Taomak had come into his life when he was eight years old. He had been living at the orphan's house with an old woman. He had no friends; every one laughed and teased him, or just pretended he wasn't there. It was because he had no parents.

But one afternoon, after the big kid from next door had thrown him into the dust, that a strange new kid stepped between them, and said, "Leave him alone."

They all had stared at this new kid with curiosity. He had strange hair that was nearly white, and blue-gray eyes. His manner was so serious, that the other kids listened, and backed away. The kid had come, and offered a hand. And since then, Taomak had never left his side.

They grew up together, and became very close. And although Nakael had learned a lot about his friend, he never learned where he came from, or why he had come.

Nakael flew on in silence, ignoring his burning muscles. He pushed himself on, until they reached a small thicket of trees, where he landed, and released his friend.

He pulled off his helmet, and ran a hand through his wet, black hair. His dark gray eyes burned with an impatience. But before he could demand an answer, Taomak held up a hand.

"Wait." He reached inside his dark brown tunic, and pulled out a strange medallion on a long cord from around his neck. The medallion was made out of a strange green metal. It shone brightly in the sunlight. Two fighting birds carrying flaming sticks locked in combat were etched on one side, and two lines of letters were on the other side. Taomak handed it to him.

Nakael looked at it curiously. "What is it?"

"It's yours."

"Mine? But. . .how?"

"It belongs to the people of Daikhal. Your father had it before you, and now it is time you have it. It is a symbol of hope for your people."

"Wait . . ," Nakael said. "You're telling me, you knew my father."

"Of him," Taomak said quietly. "Your father had died before I got to meet him. But he left a request that I be given the Daikhal medallion to keep safe until I could give it to you."

"How did he die?"

"He was assassinated. By the Plume King. But he lived long enough to escape from the King and give his servant the medallion and instruction."

"This medallion," Nakael turned the piece of green metal over in his hands. "What's so special about it?"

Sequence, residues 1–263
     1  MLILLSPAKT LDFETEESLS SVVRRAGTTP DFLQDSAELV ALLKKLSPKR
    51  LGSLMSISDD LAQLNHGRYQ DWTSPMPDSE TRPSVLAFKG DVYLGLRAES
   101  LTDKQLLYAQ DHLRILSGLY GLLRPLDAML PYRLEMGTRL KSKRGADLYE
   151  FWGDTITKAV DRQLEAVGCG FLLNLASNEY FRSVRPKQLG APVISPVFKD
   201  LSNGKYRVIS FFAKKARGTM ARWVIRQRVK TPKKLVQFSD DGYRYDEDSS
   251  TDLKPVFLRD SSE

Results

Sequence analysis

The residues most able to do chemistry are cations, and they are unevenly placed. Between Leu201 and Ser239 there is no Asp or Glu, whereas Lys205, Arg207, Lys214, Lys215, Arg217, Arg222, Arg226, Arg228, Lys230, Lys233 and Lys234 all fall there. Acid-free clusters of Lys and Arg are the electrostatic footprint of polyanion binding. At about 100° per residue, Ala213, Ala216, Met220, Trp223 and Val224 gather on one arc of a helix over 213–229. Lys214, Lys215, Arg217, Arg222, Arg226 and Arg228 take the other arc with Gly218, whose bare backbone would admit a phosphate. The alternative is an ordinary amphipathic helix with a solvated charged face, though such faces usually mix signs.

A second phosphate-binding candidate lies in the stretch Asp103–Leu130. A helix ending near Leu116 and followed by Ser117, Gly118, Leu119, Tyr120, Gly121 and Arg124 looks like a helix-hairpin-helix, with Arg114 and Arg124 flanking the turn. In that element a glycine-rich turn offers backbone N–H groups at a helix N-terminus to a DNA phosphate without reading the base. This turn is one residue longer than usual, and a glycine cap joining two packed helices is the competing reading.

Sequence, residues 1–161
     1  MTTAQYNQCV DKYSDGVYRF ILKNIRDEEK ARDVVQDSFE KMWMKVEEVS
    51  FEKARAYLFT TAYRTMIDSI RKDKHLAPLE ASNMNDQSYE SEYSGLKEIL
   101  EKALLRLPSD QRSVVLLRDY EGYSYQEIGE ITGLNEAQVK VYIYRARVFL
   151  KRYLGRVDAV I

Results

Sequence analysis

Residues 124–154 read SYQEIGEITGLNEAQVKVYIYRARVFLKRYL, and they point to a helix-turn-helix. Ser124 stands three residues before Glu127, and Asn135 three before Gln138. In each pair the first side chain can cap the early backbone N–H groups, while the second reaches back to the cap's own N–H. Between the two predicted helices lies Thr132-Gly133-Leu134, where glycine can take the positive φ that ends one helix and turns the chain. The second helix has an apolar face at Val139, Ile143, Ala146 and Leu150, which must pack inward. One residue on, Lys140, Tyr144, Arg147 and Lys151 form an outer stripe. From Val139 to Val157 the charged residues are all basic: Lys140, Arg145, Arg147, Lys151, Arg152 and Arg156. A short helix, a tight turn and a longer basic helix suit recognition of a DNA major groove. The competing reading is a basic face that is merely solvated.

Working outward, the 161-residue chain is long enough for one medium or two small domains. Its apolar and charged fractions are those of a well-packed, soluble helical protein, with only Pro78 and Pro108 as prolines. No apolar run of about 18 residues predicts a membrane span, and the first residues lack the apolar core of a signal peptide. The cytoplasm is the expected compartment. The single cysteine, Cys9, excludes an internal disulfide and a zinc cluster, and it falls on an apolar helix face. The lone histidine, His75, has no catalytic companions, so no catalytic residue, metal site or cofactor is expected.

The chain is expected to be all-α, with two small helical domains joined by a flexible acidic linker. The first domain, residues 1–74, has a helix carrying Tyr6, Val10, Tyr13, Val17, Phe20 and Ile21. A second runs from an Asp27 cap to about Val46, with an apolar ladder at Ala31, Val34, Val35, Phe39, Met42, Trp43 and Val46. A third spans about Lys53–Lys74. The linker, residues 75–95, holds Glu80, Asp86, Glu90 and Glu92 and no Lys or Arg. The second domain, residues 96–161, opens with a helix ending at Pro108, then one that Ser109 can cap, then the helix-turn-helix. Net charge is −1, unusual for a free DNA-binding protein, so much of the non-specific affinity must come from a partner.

"Legend has it that it is a key to a great Daikhal treasure. And only Daikhal nobility is supposed to know what it means."

Nakael shrugged.

Taomak raised an eyebrow. "This news does not bother you?"

"Not really. I believe what you tell me, but I never knew my father. His death does not mean a thing to me. And this business about the medallion. I may be a Daikhal, but I'm not nobility. Why should I worry about a thing that the Daikhal King should be."

"The Daikhal King is dead," Taomak said bluntly.

"Oh. I didn't know that. It must be all these wars with the Plumes. Nothing ever gets around. . ." Nakael looked up. "Then why doesn't the Prince have this thing? I mean, if the King is dead, it makes sense for-"

"The Prince does have it."

A moment of silence. Nakael wrinkled his noise as he usually did when he was confused. "The Prince has it? But I'm holding it. Are you sure you haven't got your facts confused?"

Taomak gave a faint sigh, as he would if a little child was testing his patience.

"Nakael, let me explain it a little clearer. You are the Prince. Your father was the King. You are Nakaelakito Daikhal, Prince of the Daikhal."

Nakael stared at his friend with wide gray eyes. Then a corner of his mouth began to twitch, as if he was about to laugh.

"Are you serious?"

"Yes." Taomak's deadly serious expression finally began to sink through. Nakael realized that his friend just might be telling the truth. He had never known him to lie. Ever.

"I am a Prince," stated Nakael disbelievingly.

"Yes."

Nakael shook his head. "Just. . .tell me what you have to do with all this."

"I was assigned to you as your Protector. To make sure you were safe at all times, and to keep you from falling into the wrong hands. Because I was so young, very close to your age, I was chosen for you. I was to tell you your true identity when the time was right."

"And it's right now?" Nakael's voice rose in pitch. Although he was a flyer, he was barely eighteen, and still had to learn how to keep in control of his emotions. "After all these battles, where I risk my life every day, every minute? And now you tell me my father, the King has been dead for years? And now's the time to tell me I wasn't who I thought I was my entire life?!"

Taomak placed a hand on Nakael's shoulder.

"The Daikhals are in danger of being wiped off this earth, Nakael. They need a leader now. They need their Prince."

Nakael gave a derisive snort. "What's going to make them believe that I'm their prince. You're the only one that's seen my face for the past several years. As far as they're concerned, I'm dead! I don't exist!"

"They know the face of their King, Nakael. You don't need to worry. You are the splitting image of your father. And you carry the medallion of hope. There is no room left to doubt."

"But I'm not a Prince!" Nakael cried. "I'm a flyer! I don't know the first thing about being a prince. Besides, I don't want to be a prince. I don't want all the responsibilities of caring for the people. And besides that, all I know is how to fight!" Nakael's voice softened. "I like being who I am."

"You don't have a choice, Nakael. You are a Prince; you must do your duty. And I'll be with you all the way. Besides," Taomak's mouth curved upwards, "Who said they couldn't have a Warrior-Prince?"